Some of the surviving family members found solace in the NTSB findings of human remains in the engine blades of #3. It meant their family member was killed instantly instead of perhaps traveling strapped to their seat for the 5 minute fall into the ocean. No bodies were ever recovered.


A final determination did not come until after the cargo door could be located and salvaged by a Navy deep-submergence vehicle. It came up in two pieces on separate dives and was sent to Seattle to be examined by Boeing.


After twenty-two months of exhaustive research and testimony, the final analysis led to a determination that a short circuit in the electrical system (a stray electrical signal) caused a known design flaw in the locking mechanism to allow the cargo door to open after it was in the locked position. It had happened before on a Pan American 747 in 1987 while on climb out from Heathrow.


Boeing and United decided not to contest liability and agreed to jointly share payment of damages in any lawsuits arising from the accident. No contest was essentially accepting no blame.


Boeing would make a directive for airlines to replace the aluminum locking sectors with steel locking sectors for the cargo doors. United would later take the extra step of having it’s ramp personnel disconnect the cargo-door circuit breakers before each flight of a jumbo jet.


After $14 million in repairs, the aircraft was brought back into service at United in 1990. It’s identification number was changed, but crew members familiar with the aircraft always knew when they were on her. She was later parked, sold through private parties and began another life and history in the West African country of Gambia.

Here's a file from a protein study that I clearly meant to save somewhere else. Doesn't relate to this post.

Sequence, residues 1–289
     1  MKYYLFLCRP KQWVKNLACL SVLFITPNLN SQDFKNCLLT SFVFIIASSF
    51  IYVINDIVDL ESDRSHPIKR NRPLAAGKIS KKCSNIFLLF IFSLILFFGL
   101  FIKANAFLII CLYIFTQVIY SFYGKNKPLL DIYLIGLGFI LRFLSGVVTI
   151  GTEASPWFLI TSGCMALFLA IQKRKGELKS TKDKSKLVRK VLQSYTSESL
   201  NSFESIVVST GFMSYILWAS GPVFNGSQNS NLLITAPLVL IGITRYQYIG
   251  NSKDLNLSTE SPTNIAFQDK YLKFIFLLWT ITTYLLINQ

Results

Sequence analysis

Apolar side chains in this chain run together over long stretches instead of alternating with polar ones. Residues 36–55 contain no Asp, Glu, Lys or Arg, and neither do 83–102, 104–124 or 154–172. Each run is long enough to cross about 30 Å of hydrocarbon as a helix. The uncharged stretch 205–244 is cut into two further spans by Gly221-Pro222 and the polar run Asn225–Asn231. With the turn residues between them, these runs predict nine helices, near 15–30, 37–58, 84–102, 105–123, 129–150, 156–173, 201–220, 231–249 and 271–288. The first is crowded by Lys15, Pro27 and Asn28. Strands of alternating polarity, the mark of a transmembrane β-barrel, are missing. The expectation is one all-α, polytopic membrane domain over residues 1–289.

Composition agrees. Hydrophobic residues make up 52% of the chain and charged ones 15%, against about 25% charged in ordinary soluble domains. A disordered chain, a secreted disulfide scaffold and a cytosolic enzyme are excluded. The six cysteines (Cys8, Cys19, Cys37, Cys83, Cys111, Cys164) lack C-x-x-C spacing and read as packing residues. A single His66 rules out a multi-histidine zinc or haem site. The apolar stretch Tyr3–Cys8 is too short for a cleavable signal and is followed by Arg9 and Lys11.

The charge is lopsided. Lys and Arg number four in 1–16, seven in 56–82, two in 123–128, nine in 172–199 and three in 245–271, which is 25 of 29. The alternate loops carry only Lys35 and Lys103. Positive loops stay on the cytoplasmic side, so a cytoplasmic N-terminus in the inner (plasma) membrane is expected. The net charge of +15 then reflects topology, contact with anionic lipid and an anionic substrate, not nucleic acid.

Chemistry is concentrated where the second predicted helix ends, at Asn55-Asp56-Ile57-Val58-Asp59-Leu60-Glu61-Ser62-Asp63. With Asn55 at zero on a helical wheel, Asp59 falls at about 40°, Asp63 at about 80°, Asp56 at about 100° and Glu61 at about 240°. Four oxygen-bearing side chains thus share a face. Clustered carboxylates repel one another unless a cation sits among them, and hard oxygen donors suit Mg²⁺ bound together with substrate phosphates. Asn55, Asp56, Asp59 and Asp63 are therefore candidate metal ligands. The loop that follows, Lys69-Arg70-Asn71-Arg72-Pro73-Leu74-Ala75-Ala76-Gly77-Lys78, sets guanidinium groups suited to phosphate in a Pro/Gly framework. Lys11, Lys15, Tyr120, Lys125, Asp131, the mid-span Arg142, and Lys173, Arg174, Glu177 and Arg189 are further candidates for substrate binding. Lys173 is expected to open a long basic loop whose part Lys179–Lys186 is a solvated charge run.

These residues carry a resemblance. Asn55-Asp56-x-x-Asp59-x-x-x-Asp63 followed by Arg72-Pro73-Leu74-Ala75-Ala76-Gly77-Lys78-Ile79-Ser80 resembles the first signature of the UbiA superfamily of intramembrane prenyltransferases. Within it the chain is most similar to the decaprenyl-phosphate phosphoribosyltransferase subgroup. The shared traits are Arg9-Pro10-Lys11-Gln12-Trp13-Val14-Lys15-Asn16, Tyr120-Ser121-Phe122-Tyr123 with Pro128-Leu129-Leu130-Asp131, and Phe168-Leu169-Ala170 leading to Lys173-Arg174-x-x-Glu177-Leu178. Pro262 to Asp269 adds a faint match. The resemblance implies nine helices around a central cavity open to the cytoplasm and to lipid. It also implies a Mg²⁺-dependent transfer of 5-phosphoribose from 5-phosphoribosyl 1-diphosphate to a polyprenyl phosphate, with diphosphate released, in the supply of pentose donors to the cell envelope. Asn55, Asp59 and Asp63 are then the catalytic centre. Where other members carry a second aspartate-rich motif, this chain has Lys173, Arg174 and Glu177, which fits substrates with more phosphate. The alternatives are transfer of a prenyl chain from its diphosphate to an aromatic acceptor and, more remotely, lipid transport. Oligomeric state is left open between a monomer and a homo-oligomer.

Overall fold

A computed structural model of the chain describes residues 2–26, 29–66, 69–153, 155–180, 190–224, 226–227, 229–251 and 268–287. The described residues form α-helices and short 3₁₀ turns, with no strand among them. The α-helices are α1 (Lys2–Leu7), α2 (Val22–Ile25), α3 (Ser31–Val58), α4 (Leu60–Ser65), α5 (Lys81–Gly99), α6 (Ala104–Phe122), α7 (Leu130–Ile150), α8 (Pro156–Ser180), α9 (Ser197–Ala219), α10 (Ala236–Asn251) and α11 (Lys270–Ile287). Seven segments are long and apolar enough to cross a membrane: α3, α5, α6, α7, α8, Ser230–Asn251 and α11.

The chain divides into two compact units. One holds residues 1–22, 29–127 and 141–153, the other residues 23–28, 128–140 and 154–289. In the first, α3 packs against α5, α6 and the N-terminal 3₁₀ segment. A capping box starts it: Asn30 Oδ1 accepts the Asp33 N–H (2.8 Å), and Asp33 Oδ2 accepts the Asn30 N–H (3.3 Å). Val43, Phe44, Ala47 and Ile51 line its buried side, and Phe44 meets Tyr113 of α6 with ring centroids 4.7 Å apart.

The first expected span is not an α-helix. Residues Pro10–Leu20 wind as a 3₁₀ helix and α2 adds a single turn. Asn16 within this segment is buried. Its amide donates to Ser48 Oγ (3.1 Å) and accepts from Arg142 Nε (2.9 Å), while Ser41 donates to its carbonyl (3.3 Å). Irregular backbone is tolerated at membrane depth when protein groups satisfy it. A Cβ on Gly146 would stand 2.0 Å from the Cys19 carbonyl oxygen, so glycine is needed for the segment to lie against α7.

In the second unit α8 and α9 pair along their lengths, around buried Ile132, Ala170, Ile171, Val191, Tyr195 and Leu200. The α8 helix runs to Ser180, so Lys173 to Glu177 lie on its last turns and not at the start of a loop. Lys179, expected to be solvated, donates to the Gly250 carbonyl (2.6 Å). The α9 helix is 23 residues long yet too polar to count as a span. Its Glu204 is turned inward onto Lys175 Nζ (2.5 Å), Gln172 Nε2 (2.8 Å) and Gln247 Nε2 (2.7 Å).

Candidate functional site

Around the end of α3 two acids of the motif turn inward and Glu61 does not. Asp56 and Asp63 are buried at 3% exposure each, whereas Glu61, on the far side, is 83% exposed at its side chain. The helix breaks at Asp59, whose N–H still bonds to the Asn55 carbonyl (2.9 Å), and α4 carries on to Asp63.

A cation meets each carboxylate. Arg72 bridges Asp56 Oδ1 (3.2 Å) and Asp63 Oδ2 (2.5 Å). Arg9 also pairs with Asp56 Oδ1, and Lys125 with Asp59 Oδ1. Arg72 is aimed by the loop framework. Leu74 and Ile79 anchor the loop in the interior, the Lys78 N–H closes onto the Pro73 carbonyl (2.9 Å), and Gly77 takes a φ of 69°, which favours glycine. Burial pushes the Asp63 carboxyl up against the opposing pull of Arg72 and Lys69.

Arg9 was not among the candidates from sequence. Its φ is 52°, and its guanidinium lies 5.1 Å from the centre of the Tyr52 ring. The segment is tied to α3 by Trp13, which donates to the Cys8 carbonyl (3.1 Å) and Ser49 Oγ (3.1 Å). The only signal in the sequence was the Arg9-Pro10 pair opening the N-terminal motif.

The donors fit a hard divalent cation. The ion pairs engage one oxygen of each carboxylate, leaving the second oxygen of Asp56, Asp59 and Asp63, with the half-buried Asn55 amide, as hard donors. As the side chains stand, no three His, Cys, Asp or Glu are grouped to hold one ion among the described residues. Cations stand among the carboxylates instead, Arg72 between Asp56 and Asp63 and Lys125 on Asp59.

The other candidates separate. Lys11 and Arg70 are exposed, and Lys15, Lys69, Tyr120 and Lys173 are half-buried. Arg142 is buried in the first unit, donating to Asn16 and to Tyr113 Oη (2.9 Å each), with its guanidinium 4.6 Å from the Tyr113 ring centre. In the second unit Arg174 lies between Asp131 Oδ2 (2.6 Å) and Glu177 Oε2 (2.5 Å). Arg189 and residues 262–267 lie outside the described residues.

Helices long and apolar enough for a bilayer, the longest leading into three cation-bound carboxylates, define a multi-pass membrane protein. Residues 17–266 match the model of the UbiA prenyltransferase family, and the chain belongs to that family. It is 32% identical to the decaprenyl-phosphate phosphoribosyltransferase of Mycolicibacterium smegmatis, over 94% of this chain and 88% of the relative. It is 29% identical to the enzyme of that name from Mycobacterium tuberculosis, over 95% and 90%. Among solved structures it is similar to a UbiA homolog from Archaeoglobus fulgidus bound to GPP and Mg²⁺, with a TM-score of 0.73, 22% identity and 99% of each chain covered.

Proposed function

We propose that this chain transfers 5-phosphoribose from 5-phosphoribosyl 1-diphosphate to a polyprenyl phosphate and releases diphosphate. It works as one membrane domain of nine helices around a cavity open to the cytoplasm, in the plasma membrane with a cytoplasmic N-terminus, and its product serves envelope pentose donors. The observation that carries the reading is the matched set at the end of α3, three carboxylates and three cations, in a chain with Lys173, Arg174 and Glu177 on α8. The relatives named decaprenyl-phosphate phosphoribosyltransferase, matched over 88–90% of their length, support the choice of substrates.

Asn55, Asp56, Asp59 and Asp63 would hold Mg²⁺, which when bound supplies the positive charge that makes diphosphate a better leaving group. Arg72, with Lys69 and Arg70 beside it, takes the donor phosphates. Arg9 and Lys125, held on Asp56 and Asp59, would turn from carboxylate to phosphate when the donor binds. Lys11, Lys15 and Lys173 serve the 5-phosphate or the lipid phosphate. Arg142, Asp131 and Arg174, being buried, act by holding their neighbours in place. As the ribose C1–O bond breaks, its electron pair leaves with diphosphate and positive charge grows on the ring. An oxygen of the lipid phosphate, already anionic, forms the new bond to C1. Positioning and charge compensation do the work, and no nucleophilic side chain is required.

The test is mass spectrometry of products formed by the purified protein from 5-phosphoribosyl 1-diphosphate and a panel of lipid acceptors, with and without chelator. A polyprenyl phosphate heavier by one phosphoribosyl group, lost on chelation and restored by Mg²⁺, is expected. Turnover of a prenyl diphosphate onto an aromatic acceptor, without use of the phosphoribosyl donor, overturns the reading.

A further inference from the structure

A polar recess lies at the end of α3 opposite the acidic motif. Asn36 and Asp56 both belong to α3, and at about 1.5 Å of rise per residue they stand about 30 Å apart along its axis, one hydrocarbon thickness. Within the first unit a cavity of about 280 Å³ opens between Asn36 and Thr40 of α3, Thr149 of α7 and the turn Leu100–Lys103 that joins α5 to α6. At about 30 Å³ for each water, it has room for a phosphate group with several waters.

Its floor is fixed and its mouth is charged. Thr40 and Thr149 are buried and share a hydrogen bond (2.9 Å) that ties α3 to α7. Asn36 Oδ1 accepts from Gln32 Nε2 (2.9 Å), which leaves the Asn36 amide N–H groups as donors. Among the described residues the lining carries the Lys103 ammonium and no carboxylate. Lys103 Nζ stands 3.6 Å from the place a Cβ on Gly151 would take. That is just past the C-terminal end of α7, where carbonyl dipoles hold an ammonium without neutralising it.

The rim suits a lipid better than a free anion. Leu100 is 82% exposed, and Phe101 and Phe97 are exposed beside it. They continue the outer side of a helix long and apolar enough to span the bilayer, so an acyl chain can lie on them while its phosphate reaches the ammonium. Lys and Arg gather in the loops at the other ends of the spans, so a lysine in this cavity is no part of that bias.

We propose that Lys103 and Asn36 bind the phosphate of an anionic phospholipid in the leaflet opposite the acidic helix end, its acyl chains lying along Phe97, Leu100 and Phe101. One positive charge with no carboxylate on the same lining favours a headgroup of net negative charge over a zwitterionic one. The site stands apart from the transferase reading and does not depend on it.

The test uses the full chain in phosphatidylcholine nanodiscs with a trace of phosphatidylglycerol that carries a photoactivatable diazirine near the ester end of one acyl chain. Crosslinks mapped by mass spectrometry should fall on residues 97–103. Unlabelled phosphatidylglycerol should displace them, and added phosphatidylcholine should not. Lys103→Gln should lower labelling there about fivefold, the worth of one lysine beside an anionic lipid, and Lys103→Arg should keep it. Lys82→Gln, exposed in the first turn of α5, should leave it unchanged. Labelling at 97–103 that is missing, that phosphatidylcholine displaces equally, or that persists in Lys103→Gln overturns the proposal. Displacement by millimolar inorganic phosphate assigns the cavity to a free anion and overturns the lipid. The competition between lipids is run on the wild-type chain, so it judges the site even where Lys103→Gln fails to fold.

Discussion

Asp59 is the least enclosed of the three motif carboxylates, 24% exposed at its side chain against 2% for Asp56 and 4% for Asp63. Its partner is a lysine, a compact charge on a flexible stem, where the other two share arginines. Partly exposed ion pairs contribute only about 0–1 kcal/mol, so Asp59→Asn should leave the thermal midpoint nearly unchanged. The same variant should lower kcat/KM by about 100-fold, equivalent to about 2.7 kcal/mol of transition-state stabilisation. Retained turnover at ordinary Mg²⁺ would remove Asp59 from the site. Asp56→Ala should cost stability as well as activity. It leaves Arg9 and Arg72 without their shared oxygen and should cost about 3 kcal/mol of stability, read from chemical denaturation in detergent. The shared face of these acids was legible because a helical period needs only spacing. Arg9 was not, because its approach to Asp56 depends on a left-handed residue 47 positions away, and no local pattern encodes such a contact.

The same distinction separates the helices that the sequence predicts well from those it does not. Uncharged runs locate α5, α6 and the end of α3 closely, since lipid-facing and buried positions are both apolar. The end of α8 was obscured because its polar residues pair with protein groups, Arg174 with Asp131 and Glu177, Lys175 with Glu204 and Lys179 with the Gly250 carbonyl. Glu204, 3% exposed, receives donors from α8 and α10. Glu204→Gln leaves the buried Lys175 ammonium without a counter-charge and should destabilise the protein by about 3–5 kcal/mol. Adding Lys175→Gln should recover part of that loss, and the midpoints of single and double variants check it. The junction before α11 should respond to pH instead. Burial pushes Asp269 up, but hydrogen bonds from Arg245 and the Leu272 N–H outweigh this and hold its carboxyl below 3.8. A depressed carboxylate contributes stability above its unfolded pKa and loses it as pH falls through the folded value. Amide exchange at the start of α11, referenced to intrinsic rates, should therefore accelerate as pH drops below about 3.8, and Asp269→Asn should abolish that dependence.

Council 14 would like to salute the crew members of United flight 811 and pay tribute to the nine passengers lost, who left behind family members and friends with lives now forever changed.
Passengers: Anthony Fallon and wife Barbara, Harry and Susan Craig, Lee Campbell (24), Dr. John Crawford, John Swan, Rose Harley and Mary Handley-Desso.
Flight Deck Crew Members: Captain Dave Cronin, F/O Greg Slater, S/O Randall ‘Mark’ Thomas.
Cabin Crew Members: Purser Laura Brentlinger, Aft Purser Sarah Shanahan, Ricky Lam, John Horita, Curt Christensen, Tina Blundy, Jean Nakayama, Mae Sapolu, Robin Nakamoto, Ed Lythgoe, Sharol Preston, Ricky Umehira, Darrell Blankenship, Linda Shirley, Ilona Benoit.
Ramp Personnel: Lead Ramp Serviceman Paul Engalia, Daniel Sato, Brian Kitaoka.
In 1989, the Flight Crew received the Secretary's Award for Heroism from the Secretary of Transportaion for their actions.



To read the NTSB report, the entire Black Box transcript or see a video story of the event, go to the provided links.